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Arts & Extras: 10 years later, Off the Rails gets 'Reckless' again

Arts & Extras: 10 years later, Off the Rails gets 'Reckless' again

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Community and professional theaters typically deck the halls for a holiday production when Christmas draws near.

Off the Rails Theatre is not a typical drama company. The small Roanoke nonprofit’s repertoire leans toward challenging plays like “’night Mother” by Marsha Norman, a Pulitzer Prize-winning drama focused on suicide, or “Arcadia” by Tom Stoppard, with subject matter that includes epic poetry and higher mathematics.

Yet this year, Off the Rails does have a holiday production, “Reckless” by Craig Lucas, a dark comedy that begins on a Christmas Eve when a woman learns her husband has hired an assassin to kill her — and the night gets stranger and zanier from there.

“We don’t often get to do Christmas sets,” wrote Off the Rails co-founder and board president Kathy Guy.

Though Off the Rails isn’t known for sentimentality, there is a sentimental element to this performance of “Reckless.” It concluded the company’s 10th season, and was the play that concluded the company’s first season, back in 2008.

Miriam Frazier, the group’s other co-founder, and currently its treasurer, directed both versions of the play. “We’re staying true to our roots in that the setting will be minimalistic and the focus will be on acting and storytelling,” she wrote. “The main difference is that I am 10 years older and I think visually the show will be more whimsical and colorful as a result.”

“‘Reckless’ is such a fun show,” Guy wrote. “It’s a perfect fit for Off the Rails at the holiday season. Even though it is the same words, it is a different cast and that makes a large, large difference. The original cast was also terrific. Each actor brings his/her own interpretation of the character.”

Frazier, 53, and Guy, 67, met in 1986 and became friends, bonded by a love of theater. The nonprofit venture they started began life as GAMUT Theatre, changing its name to Off the Rails in 2013. The company started out performing in the rehearsal hall at Roanoke’s Jefferson Center. Since 2011, performances have been held in the June M. McBroom Theater at the Community High School of Arts and Academics in Roanoke.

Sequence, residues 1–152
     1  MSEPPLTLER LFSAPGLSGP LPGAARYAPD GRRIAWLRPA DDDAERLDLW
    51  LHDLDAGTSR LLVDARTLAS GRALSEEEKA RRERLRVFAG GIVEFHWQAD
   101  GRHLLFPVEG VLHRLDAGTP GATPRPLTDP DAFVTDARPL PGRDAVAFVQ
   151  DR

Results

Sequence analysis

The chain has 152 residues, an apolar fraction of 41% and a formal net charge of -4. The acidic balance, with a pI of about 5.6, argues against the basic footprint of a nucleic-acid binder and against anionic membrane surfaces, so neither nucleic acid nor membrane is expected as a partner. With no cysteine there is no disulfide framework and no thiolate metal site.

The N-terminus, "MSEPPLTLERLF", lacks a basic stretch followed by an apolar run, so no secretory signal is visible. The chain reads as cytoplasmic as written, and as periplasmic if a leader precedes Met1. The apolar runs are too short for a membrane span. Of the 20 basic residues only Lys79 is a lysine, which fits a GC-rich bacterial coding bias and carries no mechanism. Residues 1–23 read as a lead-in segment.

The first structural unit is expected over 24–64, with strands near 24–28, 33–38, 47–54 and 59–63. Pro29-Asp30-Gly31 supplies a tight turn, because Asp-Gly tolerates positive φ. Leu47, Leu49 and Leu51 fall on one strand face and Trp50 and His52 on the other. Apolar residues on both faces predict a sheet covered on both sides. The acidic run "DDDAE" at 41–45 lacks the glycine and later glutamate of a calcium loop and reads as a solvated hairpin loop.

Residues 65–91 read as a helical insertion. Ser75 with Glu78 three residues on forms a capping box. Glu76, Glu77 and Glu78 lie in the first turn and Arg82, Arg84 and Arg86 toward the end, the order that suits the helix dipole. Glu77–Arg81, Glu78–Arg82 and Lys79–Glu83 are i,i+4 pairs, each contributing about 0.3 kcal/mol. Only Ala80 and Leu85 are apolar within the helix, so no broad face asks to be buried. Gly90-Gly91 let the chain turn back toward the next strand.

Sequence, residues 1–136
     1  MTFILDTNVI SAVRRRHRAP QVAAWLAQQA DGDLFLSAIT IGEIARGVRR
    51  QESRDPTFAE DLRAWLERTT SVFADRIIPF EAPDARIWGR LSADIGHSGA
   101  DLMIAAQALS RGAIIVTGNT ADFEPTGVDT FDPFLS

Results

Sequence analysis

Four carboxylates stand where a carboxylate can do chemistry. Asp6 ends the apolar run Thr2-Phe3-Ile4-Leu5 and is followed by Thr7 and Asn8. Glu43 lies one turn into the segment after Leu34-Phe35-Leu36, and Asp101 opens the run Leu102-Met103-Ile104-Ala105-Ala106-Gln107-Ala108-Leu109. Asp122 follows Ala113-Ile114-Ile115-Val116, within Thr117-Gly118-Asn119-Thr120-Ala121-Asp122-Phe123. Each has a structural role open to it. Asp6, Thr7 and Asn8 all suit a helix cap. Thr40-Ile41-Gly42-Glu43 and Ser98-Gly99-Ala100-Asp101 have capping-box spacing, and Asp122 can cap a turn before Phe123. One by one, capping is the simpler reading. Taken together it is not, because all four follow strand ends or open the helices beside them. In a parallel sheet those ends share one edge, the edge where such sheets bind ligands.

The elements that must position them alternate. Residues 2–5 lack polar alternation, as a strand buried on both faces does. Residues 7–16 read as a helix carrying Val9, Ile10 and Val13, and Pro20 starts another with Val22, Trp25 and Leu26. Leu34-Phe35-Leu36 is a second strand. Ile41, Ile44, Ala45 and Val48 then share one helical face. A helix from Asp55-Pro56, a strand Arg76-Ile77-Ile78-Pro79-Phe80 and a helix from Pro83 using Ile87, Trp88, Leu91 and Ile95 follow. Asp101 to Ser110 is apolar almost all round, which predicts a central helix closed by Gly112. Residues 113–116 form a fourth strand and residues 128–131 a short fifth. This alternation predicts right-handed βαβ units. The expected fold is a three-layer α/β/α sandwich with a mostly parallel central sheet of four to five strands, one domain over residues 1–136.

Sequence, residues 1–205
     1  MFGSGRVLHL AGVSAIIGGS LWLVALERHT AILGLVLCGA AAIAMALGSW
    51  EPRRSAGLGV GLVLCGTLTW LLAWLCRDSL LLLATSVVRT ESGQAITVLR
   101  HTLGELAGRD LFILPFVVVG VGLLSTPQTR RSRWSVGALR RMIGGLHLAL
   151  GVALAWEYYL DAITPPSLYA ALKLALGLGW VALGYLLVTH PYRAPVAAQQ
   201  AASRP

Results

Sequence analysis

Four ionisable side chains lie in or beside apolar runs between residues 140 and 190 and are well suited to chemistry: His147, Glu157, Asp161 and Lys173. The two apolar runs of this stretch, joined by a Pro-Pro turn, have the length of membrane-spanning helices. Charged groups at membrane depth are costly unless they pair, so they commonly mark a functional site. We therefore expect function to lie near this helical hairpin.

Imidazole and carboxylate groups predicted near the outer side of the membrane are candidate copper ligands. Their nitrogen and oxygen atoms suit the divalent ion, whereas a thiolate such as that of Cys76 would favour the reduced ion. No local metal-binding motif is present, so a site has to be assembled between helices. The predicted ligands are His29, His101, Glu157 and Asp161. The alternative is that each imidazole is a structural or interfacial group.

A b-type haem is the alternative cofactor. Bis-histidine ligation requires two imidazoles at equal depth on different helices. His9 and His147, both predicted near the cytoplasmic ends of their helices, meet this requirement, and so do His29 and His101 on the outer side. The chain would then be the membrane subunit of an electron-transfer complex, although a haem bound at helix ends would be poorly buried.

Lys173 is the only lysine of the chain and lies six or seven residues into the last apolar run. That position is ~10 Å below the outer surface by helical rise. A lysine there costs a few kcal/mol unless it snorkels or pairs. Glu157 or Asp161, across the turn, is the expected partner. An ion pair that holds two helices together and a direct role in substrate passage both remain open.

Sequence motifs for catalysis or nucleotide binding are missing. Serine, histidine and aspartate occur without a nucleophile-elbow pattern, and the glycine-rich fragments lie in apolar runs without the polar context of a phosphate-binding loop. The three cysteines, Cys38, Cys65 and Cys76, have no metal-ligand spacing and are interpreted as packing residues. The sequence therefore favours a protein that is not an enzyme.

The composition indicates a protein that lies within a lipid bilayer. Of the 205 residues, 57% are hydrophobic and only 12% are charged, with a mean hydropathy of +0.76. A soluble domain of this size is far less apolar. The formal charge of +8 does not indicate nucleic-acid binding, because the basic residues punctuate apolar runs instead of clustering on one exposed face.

“I think it’s amazing that we continue to endure but more importantly that we’ve continued to be consistent in both content and quality,” Frazier wrote.

“Actually I never imagined we would make it this long especially since we are such a small theater,” Guy wrote.

In September, in partnership with Essatta Art, Off the Rails returned to its original venue for a performance of “The Laramie Project,” which recounts the brutal murder of a 21-year-old gay man in Laramie, Wyoming, 20 years ago, and explores its aftermath in that community. The killing of Matthew Shepard brought new national focus to the bigotry faced by the LGBT community and led to the passage of hate crime legislation.

“It was nice to collaborate with another group on a project that everyone felt very deeply about,” Frazier wrote.

Several of the cast members of “The Laramie Project” are also in “Reckless,” Guy noted. “It is fun to work with them again within such a short period of time.”

Guy wrote that, true to form, Off the Rails hasn’t yet nailed down what its 2019 season will entail. “We might do a musical, which would be most different for us.”

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Mike Allen is the editorial page editor for The Roanoke Times. His past beats as a Roanoke Times reporter included Botetourt County, Franklin County, courts and legal issues, and arts and culture.

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